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Monday, December 23, 2013

Some thoughts on Superior Spider-Man

Superior Spider-Man Vol. 1, My Own Worst Enemy
Dan Slott, Giuseppe Camuncoli, Ryan Stegman

It's pretty impressive that this goofy body-swap premise has been played so straight for this long now, especially considering that Spider-Man is one of the big Marvel properties with movies that could send potential readers to comic shops.  Seems like a risk I didn't think this era of Marvel comics as fodder/fuel for movies would take, but all bets are off once movie season starts up.

I think what really makes this work for me is the strange, out-of-body horror that Dan Slott and the artists have set up.  When I've seen this body-swapping thing happen before in comics, the villain takes the time to learn the hero's secrets and mess with the hero's life, but this works a little differently in that Doctor Octopus operates under the assumption that he actually has to continue living Peter Parker's life, so it's not really in his interest to mess things up for Peter.  In that regard, I thought it was kind of pointless to include Peter's ghost in all this, but I came around because wouldn't it be horrifying to watch someone else, let alone one of your enemies, control your body and talk to your friends and touch all your stuff?  Forcing Peter's ghost to watch all of this really sells that out-of-body horror element.  If we're operating under the belief that Peter Parker is a sort of everyman that the reader can step into, then we can look at Peter's ghost and its inability to interfere as the role of the audience in this reading experience.  We're meant to be looking on in horror/excitement as this character who has the appearance of someone we've come to know over fifty-something years goes and does something unexpected.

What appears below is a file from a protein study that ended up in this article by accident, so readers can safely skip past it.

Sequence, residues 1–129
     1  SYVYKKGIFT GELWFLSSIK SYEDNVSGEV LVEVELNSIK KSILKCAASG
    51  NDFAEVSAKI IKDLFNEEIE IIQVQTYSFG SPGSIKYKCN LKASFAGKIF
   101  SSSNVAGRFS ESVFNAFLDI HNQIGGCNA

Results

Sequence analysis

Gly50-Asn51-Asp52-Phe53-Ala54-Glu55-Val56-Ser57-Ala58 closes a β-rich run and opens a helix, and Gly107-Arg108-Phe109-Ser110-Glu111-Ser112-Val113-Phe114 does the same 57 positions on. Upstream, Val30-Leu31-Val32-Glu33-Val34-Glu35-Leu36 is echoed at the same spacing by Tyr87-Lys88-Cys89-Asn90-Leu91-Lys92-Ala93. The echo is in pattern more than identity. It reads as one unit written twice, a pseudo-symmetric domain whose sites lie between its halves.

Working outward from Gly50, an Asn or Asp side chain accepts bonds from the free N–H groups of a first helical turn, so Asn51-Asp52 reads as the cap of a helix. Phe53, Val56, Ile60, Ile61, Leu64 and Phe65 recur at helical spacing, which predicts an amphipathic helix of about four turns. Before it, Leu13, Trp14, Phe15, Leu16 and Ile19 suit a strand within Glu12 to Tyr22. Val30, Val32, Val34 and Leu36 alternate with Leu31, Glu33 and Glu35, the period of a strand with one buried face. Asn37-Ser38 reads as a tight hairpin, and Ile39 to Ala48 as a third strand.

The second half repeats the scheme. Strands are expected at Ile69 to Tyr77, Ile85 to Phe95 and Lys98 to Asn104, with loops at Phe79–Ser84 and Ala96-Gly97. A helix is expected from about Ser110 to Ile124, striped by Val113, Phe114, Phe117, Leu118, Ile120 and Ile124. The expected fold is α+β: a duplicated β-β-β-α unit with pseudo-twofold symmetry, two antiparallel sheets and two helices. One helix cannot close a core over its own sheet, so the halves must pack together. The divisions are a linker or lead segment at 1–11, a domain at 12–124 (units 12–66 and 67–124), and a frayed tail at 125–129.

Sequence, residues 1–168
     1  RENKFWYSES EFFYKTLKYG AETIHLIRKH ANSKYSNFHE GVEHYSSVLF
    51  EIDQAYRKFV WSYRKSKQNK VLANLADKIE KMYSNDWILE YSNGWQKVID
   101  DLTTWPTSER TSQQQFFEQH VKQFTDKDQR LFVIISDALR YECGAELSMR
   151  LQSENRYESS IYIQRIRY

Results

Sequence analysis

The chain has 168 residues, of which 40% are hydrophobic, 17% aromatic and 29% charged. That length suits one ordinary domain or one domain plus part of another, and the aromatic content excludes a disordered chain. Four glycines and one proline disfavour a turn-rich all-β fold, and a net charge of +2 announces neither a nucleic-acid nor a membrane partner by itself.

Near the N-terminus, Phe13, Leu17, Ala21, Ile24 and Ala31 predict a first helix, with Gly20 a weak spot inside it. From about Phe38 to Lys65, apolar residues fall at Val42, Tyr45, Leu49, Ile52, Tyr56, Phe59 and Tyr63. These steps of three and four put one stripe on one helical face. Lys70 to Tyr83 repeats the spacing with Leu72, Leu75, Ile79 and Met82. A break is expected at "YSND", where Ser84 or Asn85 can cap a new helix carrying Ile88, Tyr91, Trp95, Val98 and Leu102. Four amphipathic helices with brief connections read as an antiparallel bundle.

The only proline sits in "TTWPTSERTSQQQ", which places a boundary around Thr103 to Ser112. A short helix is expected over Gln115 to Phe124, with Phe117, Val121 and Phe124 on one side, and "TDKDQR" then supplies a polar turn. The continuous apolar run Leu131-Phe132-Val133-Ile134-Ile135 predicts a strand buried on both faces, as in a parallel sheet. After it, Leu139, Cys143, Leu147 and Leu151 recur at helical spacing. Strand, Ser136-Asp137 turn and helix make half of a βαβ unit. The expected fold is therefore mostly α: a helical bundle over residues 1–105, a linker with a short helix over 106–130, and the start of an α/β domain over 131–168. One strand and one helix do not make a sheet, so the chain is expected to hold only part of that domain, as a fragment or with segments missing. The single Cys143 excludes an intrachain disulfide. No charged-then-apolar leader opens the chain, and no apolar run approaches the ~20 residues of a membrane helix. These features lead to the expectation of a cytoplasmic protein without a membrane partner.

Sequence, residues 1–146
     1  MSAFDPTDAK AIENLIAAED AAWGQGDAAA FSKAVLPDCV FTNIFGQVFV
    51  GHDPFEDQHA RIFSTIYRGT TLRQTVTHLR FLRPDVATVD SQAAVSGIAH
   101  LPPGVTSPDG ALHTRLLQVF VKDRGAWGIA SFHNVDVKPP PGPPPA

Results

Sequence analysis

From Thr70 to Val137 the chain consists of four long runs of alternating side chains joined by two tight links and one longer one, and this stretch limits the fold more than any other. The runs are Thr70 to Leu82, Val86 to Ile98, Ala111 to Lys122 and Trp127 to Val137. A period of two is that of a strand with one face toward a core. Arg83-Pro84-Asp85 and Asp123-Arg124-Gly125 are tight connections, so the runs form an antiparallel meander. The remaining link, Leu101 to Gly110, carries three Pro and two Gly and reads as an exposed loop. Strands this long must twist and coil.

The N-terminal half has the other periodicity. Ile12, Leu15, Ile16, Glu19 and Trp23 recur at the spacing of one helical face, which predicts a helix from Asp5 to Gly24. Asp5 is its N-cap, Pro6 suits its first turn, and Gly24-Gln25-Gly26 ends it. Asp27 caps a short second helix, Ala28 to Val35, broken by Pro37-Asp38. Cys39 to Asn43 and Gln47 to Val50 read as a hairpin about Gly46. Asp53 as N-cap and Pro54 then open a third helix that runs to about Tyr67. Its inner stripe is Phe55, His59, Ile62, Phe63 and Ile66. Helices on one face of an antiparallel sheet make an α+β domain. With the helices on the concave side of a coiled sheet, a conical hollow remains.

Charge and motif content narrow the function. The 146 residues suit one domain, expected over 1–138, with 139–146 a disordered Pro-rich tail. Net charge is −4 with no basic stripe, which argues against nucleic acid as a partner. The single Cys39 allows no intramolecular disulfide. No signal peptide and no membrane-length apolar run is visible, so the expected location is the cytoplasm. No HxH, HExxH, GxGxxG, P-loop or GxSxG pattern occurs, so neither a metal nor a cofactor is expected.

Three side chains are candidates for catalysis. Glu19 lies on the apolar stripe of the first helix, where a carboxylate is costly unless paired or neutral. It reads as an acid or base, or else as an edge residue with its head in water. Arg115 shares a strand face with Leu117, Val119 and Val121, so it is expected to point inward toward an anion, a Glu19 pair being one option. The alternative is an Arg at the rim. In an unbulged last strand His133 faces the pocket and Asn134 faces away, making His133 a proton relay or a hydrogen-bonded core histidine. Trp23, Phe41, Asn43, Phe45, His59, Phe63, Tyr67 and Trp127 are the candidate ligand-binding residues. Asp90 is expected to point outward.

Not only are we faced with the horror of watching someone else in our own body potentially being able to ruin everything we've worked for, but Superior Spider-Man takes it a step further and presents the idea that someone else could be living your life better than you.  The idea that your enemy is doing a better job at being you is so infuriating to me, and it works especially well for Peter Parker because a lifetime of comics has shown us that Parker's got some issues with self-doubt and guilt.  Doctor Octopus finds a way to make both sides of this double life work better.  Spider-Man's patrol is more efficient thanks to little spider-surveillance drones he's unleashed on the city, and as a result he's improved Peter Parker's life by not flaking out on Mary Jane and Aunt May all the time (nevermind about how ethical an army of surveillance drones unleashed on New York City is).  He's even forced some closure on the Peter Parker / Mary Jane relationship by finally stepping up and making it clear that they shouldn't be together, something that Peter should have done a long time ago, and also something that Peter could never have done.